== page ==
The chestnut is the most useful tree in the world.
There are 4 major species –
American Chestnut (Castanea dentata)
European Chestnut (C. sativa)
Chinese Chestnut (C. mollissima)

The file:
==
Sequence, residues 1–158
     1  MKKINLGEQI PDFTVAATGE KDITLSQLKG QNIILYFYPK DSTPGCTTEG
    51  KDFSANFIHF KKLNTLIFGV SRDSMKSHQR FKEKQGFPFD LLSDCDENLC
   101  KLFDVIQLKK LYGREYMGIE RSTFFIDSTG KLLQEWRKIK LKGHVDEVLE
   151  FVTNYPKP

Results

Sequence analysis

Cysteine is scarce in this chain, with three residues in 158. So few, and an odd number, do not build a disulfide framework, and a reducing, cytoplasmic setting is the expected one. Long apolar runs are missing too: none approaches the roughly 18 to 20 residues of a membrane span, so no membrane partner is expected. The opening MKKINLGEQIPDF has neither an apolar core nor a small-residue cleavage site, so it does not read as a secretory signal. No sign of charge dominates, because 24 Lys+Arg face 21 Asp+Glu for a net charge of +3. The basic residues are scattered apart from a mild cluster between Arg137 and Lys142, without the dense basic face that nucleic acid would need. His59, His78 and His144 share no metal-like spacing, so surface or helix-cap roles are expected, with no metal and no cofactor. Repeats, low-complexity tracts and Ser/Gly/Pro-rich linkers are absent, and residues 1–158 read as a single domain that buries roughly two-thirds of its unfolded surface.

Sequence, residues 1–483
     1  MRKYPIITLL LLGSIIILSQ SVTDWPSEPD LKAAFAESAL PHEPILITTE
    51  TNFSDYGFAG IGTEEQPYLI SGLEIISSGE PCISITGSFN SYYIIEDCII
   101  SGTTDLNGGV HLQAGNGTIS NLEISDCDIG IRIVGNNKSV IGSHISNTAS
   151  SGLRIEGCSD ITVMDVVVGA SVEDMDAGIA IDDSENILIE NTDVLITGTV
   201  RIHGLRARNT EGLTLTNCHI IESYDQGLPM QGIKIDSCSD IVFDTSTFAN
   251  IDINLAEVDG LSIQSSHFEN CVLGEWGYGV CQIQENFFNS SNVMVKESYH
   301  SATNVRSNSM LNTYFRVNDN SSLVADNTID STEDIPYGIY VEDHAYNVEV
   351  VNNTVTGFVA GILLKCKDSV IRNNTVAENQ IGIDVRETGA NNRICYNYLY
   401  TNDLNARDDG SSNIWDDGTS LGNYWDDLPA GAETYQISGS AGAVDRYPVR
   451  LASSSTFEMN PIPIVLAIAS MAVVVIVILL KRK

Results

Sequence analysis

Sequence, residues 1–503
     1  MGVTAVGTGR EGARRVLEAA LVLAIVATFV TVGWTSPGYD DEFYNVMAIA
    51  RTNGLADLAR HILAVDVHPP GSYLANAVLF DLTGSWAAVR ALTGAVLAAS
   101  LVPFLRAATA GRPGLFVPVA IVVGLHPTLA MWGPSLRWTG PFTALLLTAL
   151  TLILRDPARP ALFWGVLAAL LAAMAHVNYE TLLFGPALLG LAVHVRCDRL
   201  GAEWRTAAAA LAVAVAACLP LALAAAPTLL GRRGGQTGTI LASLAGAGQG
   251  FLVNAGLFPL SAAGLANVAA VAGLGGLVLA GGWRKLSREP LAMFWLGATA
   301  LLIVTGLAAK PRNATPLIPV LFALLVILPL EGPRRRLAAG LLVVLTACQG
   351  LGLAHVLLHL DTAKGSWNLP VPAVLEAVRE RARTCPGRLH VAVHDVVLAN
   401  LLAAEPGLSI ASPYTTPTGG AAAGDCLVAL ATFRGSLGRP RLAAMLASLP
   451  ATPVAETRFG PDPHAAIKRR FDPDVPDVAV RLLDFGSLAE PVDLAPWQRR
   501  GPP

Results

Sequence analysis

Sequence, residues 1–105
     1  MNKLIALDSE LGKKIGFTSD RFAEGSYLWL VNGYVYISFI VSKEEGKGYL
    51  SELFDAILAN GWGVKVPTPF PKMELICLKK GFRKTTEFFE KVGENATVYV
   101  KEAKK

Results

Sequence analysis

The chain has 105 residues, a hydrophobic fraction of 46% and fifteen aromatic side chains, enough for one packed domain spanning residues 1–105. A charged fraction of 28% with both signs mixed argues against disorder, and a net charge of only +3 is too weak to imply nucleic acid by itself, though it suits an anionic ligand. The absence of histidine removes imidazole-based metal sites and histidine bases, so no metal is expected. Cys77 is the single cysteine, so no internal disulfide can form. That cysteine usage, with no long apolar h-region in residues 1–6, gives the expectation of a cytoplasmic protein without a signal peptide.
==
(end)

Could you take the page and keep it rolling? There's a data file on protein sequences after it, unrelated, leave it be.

Japanese Chestnut (C. crenata) and 9 less important species of the genus Castanea in the world. Considering the importance of chestnuts as a high carbohydrate food source for thousands of years, and the beautiful, rot-resistant wood that is used from everything from vineyard stakes, fence posts to siding and bridge timbers, and was a major source of tannin for tanning leather, is there any tree that provides this range of uses and value? Oaks, pines, and fruit trees each provide single uses for timber or food, and many have a larger total monetary value for the that use or crop than chestnuts. However, no tree species in history has offered such a wide range of uses or importance. It is little wonder that chestnuts have been grown by every major culture, and transported in conquests and explorations to every continent where it could be grown.